Hard to believe it's been twenty years, but on the last weekend of February 1988 I got to live out one of my dreams. As far as dreams go, it wasn't a big one. I didn't change the world or anything, although I like to think I might have changed someone's world. At least a little.
The event? The Penn State Dance Marathon. Affectionately dubbed:"The Thon."
My very good friend, the inestimable Philip Pastino, danced my freshman year, and when I went to cheer him on and I saw all the hundreds of people dancing all night and the little kids they brought in during the wee hours, the ones with no hair and brilliant smiles, I remember thinking, I need to do this! Here was something bigger than myself and my small little college world. It became my dream. It was one of the first times I remember wanting to do something that seemed beyond me, deciding I wanted it badly enough to overcome the obstacles, and then seize the day.
Here is me, living the dream:
I don't remember what time this was taken, but I smiled the same after 48 hours. Deliriously so, but all the same, I was livin' the dream.
Of course, you have to have a partner, so I dragged along my unwitting and enthusiastic friend Shawn. He, however, was not smiling so much at the end. It is a miracle to this day he is still my friend.
The Thon is a 48 hour dance marathon in which hundreds of college students cram into a gym on a Friday night (after a full day of classes) and dance, or at least keep moving, until Sunday night. Everyone that dances goes through an application process and raises money to help families with children with cancer. When I danced, it looked like this:
This year, 708 students danced to raise money. They're dancing in a much better facility. I don't know how much more has changed since I danced, but this is what I remember:
1. You cannot sit down. Or lean. They roped off the perimeter with police tape to keep us from escaping, or from leaning on the walls, but if they spotted you taking a rest against a Gatorade table you were politely but firmly told to get your keister up and dance.
2. You had scheduled bathroom breaks... like one every eight hours or something insane like that. And they sent you in in groups of six: the same number of bathroom stalls. You had three minutes. And if you didn't take all that time you came running out and slid down a set of blue gym mats and people dragged you to the end, threw baby powder all over you (I thought because it felt good, but probably so they didn't wretch at the stink of us) and gave us a massage until the three minutes were up. Heaven!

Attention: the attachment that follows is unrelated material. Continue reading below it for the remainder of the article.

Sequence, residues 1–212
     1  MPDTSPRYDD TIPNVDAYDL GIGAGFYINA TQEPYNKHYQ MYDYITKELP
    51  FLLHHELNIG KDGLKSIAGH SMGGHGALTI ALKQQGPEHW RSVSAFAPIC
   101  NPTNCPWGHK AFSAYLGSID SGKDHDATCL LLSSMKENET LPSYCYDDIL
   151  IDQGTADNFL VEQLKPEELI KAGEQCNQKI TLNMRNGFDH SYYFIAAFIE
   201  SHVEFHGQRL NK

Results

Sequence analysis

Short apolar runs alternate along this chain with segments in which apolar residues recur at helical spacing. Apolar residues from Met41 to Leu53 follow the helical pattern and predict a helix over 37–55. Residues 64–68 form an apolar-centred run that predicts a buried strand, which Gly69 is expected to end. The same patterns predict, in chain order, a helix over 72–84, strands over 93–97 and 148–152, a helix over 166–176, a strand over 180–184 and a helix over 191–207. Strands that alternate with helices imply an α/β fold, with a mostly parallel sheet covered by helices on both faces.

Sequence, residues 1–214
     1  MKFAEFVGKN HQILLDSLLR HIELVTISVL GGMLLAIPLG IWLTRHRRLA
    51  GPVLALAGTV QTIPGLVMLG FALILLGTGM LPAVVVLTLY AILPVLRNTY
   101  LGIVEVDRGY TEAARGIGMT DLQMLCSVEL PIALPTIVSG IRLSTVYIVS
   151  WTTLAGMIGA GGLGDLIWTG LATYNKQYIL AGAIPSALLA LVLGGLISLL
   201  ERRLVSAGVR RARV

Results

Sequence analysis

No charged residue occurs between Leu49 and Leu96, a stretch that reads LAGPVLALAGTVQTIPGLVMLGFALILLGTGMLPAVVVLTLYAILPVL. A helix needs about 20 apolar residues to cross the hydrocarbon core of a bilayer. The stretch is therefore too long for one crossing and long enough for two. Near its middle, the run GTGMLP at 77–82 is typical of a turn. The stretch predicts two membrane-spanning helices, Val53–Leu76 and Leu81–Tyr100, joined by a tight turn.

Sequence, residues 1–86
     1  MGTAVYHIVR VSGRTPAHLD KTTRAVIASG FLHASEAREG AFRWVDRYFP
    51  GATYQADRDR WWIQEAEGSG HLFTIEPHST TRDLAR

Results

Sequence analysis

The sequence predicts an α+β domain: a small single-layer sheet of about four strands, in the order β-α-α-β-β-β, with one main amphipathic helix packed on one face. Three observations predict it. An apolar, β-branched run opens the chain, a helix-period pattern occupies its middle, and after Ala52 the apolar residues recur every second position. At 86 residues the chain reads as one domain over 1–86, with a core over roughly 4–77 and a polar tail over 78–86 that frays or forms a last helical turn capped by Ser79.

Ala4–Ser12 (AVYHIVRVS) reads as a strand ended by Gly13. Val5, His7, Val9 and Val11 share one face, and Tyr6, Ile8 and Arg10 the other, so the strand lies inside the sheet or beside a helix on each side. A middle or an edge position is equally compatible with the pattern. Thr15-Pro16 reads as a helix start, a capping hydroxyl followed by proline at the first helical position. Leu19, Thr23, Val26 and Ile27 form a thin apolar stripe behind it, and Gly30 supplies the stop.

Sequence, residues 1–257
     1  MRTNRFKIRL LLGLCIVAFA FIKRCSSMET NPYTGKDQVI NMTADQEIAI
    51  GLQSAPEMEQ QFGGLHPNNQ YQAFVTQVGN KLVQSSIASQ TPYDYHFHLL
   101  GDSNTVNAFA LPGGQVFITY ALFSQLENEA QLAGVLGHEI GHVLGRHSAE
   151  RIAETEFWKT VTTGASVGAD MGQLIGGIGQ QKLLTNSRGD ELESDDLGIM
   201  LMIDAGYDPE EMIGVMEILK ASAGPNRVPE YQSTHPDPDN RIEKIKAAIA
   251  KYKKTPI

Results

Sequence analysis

3. Every two hours or so we did a line dance that had been made up specifically for this Thon. Our was to Train in Vain by The Clash. It was great fun at the beginning. You know, the first twelve times. After that it was really, really annoying. Now hearing that song just makes me my feet hurt.
4. We had organized party games, like Duck Duck Goose and Wheelbarrow races. These are hilarious when you are punch drunk giddy from fatigue.
5. Hallucinations. Serious ones. Ones that even today, although my head knows they are hallucinations, I am still not completely convinced they aren't real.
6. We all knew when it was 2 am because people poured in after the bars closed to watch us like animals in the zoo. If they brought dry socks or candy we forgave them for smelling like beer and being all perky and awake.
7. We "carbo loaded" for a week before, eating every morsel of pasta we could find in effort to prepare for the energy that would be required. I still lost seven pounds that weekend.
8. When they brought the kids in on Sunday morning, their favorite thing to do was squirt water in our faces. We loved it, not because it woke us up, but because the smiles on their faces when they got us were priceless.
It's a remarkable event. There is nothing like it, and if Penn State were in the vicinity of... well... anything, I'd tell you to stop by some year and see it for yourself.
It is the largest student-run philanthropy in the world. Twenty years ago we raised over half a million dollars, an astounding amount that smashed all previous records. This year the Thon raised over 6.6 million dollars for families with children with cancer. It benefits the Four Diamonds Fund in Hershey, Pennsylvania, and over the years cancer survival rates for children at the Pediatric Cancer Pavilion at the Penn State Children's Hospital have gone from 30% to almost 90%. The history of this marathon is phenomenal.
Being a part of this was one of my proudest moments, for doing something I really wanted to do, seizing the day and the dream, and helping, in some small way, to make a difference in the world.